While Hollywood shied away from reminders of Sept. 11, 2001, Sean Penn (search) figures the terrorist attacks added urgency to produce his film "The Assassination of Richard Nixon." (search)

Set in 1974, the film stars Penn as the real-life Samuel Byck, a business failure who blamed his shortcomings on societal corruption and attempted to kill President Nixon by hijacking a plane to crash it into the White House.

Penn, 44, who had been developing the project for two years before Sept. 11, said he never viewed the similarities between the Byck incident and the World Trade Center and Pentagon attacks as impediments to the film.

"Not at all. If anything, it might have encouraged it," Penn said in an interview.

The dismay Byck felt over revelations of government deceit as Watergate unfolded is relevant today amid allegations that President Bush misled Americans by fanning fears of future terrorism to gain support for the Iraq war, Penn said.

The film follows Penn's Academy Award-winning performance in 2003's "Mystic River."

Penn who co-stars with Nicole Kidman in the upcoming United Nations thriller "The Interpreter" and a remake of the political drama "All the King's Men," sat down with The Associated Press at last fall's Toronto International Film Festival to discuss the Oscars, politics and the seven minutes during which Bush sat without acting in a Florida school room after learning of the Sept. 11 attacks.

AP: You showed up to accept your Academy Award, but you skipped the Oscars the three previous times you were nominated. What have you got against them?

Penn: I don't know, for some reason I cannot share the whole allure of the thing or equate it to something that really makes a statement of who you are as an actor. Sure, you're aware that it's a trademark. You know you're going to get more money and all that stuff. That's a good thing. The horror of the Academy Awards is what the press does leading up to it to make it a popular TV show. Where they'll actually make it like it's an arm-wrestling event between two actors. That becomes very petty, and that's something that's embarrassing to follow up with accepting the invitation to the party.

AP: You were in your early teens when Watergate came up. What did you make of Nixon and the hearings?

Penn: I had grown up in, I would say, a socially left home, and so at that age, I think a lot of your politics are dictated by that. When Watergate came up, I was extremely interested. I don't think I missed, the hearings, a day of it. But at that time, I had come into a history class with a history teacher who got me pretty interested in government. I think it was the first thing I really paid a lot of attention to other than the war. And this wasn't the most crooked thing I'd sensed in him.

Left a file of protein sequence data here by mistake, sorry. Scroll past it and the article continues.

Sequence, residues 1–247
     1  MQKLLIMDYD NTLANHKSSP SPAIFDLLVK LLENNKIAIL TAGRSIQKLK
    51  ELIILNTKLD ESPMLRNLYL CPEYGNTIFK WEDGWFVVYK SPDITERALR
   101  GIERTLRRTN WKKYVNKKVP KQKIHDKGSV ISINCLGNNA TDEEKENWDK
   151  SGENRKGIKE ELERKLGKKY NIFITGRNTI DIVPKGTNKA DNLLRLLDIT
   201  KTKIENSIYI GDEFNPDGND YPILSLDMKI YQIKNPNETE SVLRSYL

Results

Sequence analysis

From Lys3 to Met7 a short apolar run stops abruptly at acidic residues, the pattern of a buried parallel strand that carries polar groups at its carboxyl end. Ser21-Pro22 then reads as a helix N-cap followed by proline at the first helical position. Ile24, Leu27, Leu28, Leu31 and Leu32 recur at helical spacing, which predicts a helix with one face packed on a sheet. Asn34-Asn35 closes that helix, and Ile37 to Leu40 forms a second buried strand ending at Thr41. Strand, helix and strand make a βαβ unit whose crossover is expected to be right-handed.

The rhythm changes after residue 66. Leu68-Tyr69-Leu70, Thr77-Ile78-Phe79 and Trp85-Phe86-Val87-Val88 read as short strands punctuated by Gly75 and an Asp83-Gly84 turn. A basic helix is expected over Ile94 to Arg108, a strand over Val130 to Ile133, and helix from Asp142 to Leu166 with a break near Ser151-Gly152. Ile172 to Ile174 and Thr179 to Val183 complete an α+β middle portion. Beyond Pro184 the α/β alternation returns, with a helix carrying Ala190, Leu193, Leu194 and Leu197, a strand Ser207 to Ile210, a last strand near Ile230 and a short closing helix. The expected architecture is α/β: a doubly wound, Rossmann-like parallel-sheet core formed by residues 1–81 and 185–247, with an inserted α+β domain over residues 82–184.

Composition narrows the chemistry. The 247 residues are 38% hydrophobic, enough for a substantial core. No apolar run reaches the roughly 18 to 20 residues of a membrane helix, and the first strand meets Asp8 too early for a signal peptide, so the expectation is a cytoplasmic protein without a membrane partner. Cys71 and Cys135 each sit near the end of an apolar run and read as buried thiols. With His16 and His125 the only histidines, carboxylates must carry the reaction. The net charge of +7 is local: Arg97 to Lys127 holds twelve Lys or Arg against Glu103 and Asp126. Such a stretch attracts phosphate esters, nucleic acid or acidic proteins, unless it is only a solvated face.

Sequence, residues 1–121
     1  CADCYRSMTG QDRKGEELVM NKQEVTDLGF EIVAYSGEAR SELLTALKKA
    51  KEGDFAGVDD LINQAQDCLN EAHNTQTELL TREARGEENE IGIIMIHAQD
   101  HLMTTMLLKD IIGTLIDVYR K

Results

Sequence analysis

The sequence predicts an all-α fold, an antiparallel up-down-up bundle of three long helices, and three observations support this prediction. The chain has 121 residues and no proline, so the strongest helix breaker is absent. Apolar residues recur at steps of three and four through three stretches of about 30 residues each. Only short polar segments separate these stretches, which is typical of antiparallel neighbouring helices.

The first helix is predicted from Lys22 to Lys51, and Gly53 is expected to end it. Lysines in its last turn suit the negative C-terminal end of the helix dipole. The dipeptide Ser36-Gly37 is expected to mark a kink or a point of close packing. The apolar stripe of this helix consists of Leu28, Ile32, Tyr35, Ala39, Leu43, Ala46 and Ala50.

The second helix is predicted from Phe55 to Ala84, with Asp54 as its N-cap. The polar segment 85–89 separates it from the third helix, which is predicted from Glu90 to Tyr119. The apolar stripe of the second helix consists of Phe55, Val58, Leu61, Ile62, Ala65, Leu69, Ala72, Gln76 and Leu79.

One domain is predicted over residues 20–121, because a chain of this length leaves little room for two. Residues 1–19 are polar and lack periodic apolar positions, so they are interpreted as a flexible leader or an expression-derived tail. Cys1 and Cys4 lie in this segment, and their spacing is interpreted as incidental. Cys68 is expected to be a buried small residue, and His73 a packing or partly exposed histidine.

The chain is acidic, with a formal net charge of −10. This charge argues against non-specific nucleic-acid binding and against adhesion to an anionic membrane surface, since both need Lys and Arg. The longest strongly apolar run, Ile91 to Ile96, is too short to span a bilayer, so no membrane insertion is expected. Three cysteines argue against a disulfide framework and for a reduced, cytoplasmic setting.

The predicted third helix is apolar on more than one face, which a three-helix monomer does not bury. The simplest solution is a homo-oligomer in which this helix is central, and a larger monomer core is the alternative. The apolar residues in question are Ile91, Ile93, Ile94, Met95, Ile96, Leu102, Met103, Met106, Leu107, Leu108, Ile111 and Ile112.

AP: Has corruption in government grown worse since Nixon?

Penn: No question about it. The arrogance with which it's played out. I think you'd have a very difficult time Watergating George Bush. The spin and the manipulation of media, the distraction of planned emergencies, is on a whole new level. And there's a kind of general lack of diversity of principle within the Congress. So I think when you can get something like the Patriot Act passed, it would be kind of like child's play to pull off a Watergate ...

AP: How about news media, then vs. now?

Penn: That philosophy that sells best in a sound bite reigns, so very black-and-white, dramatic, hyperbolic ideas are going to get through. The other thing is, you have such demand in immediate storytelling today. Where investigative journalists covering the Vietnam War, a correspondent there would play detective, and one event in and of itself was rarely the story. It was connected to things that played out over a week, two weeks, while that journalist put together his piece. Now, it's, "Get that thing on the wire service by tonight. We've got to get it out by this time. Give me footage of the last 24 hours." Yet there are journalists who are still trying very hard, people who are very good. They're up against that spin machine, and it's a tough one.

AP: What did you think of Michael Moore's "Fahrenheit 9/11"?

Penn: All of that footage — how long was it, seven plus minutes (when Bush sat in the classroom)? ... That's who George Bush is. I think it speaks very specifically to something that not everybody has. Forget politics, forget Republican, right, left. But it speaks to his unfitness to lead anything.